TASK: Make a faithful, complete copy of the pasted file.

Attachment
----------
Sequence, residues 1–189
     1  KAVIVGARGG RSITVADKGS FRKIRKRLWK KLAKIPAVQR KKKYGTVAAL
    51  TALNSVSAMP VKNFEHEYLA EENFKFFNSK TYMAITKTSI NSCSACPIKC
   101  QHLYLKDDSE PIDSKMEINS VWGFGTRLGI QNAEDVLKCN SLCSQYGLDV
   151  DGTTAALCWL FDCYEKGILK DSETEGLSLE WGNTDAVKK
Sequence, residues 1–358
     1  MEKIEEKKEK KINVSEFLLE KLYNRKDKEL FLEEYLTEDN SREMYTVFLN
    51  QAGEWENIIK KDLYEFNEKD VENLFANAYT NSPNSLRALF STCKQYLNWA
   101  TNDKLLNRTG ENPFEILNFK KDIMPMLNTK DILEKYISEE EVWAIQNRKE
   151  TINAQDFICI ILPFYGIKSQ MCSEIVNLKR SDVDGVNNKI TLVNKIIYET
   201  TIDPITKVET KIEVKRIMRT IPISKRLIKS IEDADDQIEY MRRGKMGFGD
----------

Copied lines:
Sequence, residues 1–189
     1  KAVIVGARGG RSITVADKGS FRKIRKRLWK KLAKIPAVQR KKKYGTVAAL
    51  TALNSVSAMP VKNFEHEYLA EENFKFFNSK TYMAITKTSI NSCSACPIKC
   101  QHLYLKDDSE PIDSKMEINS VWGFGTRLGI QNAEDVLKCN SLCSQYGLDV
   151  DGTTAALCWL FDCYEKGILK DSETEGLSLE WGNTDAVKK
Sequence, residues 1–358
     1  MEKIEEKKEK KINVSEFLLE KLYNRKDKEL FLEEYLTEDN SREMYTVFLN
    51  QAGEWENIIK KDLYEFNEKD VENLFANAYT NSPNSLRALF STCKQYLNWA
   101  TNDKLLNRTG ENPFEILNFK KDIMPMLNTK DILEKYISEE EVWAIQNRKE
   151  TINAQDFICI ILPFYGIKSQ MCSEIVNLKR SDVDGVNNKI TLVNKIIYET
   201  TIDPITKVET KIEVKRIMRT IPISKRLIKS IEDADDQIEY MRRGKMGFGD